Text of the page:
Are You ‘Eco’ Enough to Eat Your Own Packaging?

By Tom Szaky, TreeHugger

This is a guest post from Tom Szaky, co-founder and Chief Executive Officer of TerraCycle, which provides free waste collection, and then turns that waste into sustainable products.

When I was young, an older schoolmate told me paper gum wrappers were edible. She said that if you pop the whole stick in your mouth, wrapper and all, the paper would just disappear. Later that night, I unwrapped a stick of gum and suspiciously put only the wrapper in my mouth. I waited and chewed a bit, but it didn’t dissolve. It seems my schoolmate was either mashing up the paper wrapper in the stick of gum and didn’t notice a difference or she was just messing with me.

I thought of the gum wrapper when I read this article about WikiCells, a form of edible packaging developed by Harvard professor David Edwards. Unlike the flavorless, “disappearing” gum wrapper, WikiCells add flavor and nutrients that compliment whatever is contained inside. According to WikiCells, “This skin may be comprised primarily of small particles of chocolate, dried fruit, nuts, seeds, or many other natural substances.” They are mainly used to package soft foods, such as ice cream, yogurt, cheese or beverages.

This got me thinking about using edible packaging for more than just soft foods. A lot of things have been made in edible versions – necklaces, tableware, undergarments, even shoes – but they are mostly novelty items or prototypes that haven’t taken hold in a meaningful way.

When most people throw away trash, they think it will break down in a landfill eventually. The truth is that most of what we throw away will still be sitting in a landfill hundreds of years after we’re gone. What if we, as consumers, were responsible for breaking down some of our packaging at home by eating it? Unlike composting, you don’t need any extra space, time or skills to do it. You simply do something you’ve been doing since birth – eat. The packaging would have to be washable, like fruit skin, and nutritionally neutral. Edible packaging could be flavorless, like the gum wrapper, or flavored, like the WikiCells. Flavor would become another be carefully considered characteristic of packaging, just like logos, colors and label design.

At TerraCycle, we directly reuse packaging, we upcycle packaging and we recycle packaging. I’d love to add a fourth solution and pile edible packaging on desks for employees to nosh on throughout the day.

What if, instead of sending chip bags to TerraCycle through the Chip Bag Brigade, you could eat the bag at home to prevent it from going to a landfill? What if, after your baby ate Sprout Foods baby food, you ate the pouch it came in, making the meal zero-waste with minimal extra work? Would you do it?


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Warren Webber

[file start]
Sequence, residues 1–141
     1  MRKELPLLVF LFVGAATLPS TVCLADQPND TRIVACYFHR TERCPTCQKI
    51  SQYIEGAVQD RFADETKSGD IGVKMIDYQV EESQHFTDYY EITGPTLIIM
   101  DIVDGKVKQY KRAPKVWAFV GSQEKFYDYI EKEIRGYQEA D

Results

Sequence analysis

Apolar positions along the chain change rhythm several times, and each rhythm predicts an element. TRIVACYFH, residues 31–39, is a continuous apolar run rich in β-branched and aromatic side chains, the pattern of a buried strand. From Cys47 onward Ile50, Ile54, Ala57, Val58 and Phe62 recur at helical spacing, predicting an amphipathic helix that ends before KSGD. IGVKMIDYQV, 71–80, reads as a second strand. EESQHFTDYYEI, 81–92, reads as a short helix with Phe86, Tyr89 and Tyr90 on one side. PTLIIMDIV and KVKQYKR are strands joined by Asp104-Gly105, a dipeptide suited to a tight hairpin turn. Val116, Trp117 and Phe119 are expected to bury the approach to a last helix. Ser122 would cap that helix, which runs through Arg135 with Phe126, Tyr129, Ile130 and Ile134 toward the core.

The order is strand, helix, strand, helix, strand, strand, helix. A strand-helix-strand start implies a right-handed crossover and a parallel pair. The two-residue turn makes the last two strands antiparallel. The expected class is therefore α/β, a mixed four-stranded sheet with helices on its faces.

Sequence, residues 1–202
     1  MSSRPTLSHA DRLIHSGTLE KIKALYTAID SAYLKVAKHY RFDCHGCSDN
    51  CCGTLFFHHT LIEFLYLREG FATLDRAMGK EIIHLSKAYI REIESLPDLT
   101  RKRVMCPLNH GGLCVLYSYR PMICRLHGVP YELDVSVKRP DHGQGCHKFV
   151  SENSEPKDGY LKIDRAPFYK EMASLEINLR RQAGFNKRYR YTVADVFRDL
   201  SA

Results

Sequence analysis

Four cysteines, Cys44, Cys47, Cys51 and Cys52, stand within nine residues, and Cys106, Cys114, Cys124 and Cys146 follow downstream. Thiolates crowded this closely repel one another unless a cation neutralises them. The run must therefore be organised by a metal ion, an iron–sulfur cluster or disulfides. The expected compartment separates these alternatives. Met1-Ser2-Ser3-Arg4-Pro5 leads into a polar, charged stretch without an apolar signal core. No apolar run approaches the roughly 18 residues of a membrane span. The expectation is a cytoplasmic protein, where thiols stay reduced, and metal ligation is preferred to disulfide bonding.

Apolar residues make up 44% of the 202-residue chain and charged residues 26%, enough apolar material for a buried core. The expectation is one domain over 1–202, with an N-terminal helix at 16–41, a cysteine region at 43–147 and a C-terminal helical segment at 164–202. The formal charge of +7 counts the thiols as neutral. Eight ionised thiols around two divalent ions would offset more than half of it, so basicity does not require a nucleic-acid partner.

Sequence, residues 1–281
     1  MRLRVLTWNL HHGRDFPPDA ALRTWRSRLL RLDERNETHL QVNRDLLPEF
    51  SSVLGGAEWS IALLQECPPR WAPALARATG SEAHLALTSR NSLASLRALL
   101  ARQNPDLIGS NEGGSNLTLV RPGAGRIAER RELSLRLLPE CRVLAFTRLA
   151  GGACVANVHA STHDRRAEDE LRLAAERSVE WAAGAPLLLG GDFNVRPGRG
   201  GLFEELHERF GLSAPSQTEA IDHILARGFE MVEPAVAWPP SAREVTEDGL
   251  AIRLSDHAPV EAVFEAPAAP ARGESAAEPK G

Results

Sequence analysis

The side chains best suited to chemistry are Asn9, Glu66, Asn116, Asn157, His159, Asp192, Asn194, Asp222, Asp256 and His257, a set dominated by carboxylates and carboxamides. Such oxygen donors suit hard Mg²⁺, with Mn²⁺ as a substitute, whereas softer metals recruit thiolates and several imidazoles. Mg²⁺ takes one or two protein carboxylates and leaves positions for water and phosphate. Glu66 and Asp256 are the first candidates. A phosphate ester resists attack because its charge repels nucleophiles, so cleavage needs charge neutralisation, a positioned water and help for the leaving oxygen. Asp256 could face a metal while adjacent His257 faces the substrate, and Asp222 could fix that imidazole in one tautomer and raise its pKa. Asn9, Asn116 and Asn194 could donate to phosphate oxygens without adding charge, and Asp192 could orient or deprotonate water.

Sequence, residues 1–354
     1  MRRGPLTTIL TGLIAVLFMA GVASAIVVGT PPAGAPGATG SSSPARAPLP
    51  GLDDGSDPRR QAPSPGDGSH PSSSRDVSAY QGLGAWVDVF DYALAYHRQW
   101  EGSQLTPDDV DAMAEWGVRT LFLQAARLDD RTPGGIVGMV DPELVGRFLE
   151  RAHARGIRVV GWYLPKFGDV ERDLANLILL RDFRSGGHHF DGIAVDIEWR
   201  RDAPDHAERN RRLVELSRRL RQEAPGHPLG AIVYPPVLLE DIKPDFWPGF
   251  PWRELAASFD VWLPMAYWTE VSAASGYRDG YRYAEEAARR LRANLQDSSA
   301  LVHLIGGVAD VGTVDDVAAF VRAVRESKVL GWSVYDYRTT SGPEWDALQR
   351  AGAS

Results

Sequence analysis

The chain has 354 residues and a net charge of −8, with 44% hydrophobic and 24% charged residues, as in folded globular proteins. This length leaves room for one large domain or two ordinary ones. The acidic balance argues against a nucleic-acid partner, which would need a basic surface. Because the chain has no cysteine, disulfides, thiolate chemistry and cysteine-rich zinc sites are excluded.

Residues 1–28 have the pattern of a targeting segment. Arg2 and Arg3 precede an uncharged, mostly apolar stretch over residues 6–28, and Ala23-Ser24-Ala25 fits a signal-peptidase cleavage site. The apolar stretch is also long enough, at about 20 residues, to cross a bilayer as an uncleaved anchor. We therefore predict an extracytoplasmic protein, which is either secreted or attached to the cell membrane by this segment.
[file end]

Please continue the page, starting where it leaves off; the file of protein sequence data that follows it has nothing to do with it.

Warren Webber3 years ago

Live long and prosper

Shanti S.
S S4 years ago

Thank you.

Danuta Watola
Danuta W4 years ago

Thanks for sharing.

Dale Overall

Intriguing idea, but can you saute it and add herbs for flavour?
Not being entirely sure of what the packaging consists of and if there are any chemicals or other toxins used in the packaging and where it has been sitting for months in warehouses, mingling with perhaps a few rats and mice scurrying or snoozing on top and who has handled it beforehand it may be difficult to make pita bag chips out of the packaging.

Laura S.
Laura S5 years ago

To Barb H., as one of those people who actually tried to compost a Sunchips bag because I desparately wanted it to work, I have to take issue with your statement about "whiners". Those bags were discontinued for a couple of reasons. Yes, because people said they were loud (they were), but also because they were only compostable in those large, municipal composting facilities that accept household waste. Those are few and far between. If your community has one, good for you. I hope you take advantage of it. My community does not compost anything besides yard waste - leaves, grass clippings and small twigs.

The bags were labeled with fine print somewhere that they were not able to be composted in a home compost bin, but that was often missed by most consumers. I was one of them. I cut my bag into ribbons, mixed it in with my other kitchen waste and waited for months for those ribbons to do something.They did not. And when I went to use that compost, I had to first pick out those shiny ribbons of Sunchip bag before I could add it to my garden. People complained about the false advertising about the bags being compostable And THAT"S why they were discontinued.

Karen Martinez
Karen Martinez5 years ago

That's why you shop at the farmer's market and take your own basket instead of using the plastic bag things from the grocery store...buying in bulk and taking your own container works as well. Better yet, growing your own and preserving using re-useable canning jars also alleviates the problem! Interesting article. Don't believe I'd want to eat a wrapper that has been handled by every goofball and his/her brother!

Nancy Hatcher
Nancy Hatcher5 years ago

They would have to make sure it could be sanitised before I would be willing to eat the packaging.

It sounds like a great and wonderful idea but for now I'm going to have to stick with reduce, recycle and reuse.

paul m.
paul m5 years ago

No ,,,,Be great, I don't want the food, just give me the packaging...Yum..

Barb Hansen
Ba H5 years ago

absolutely not! the point of packaging to protect the food item from dirt, germs, other people's hands... i do agree it should be easier to break down. i loved the Sunchips idea of the compostable bag. too bad the closed minded whiners out there deemed the the bag "too loud" and the company discontinued them.

Terry Vanderbush
Terry V5 years ago

NO, thanks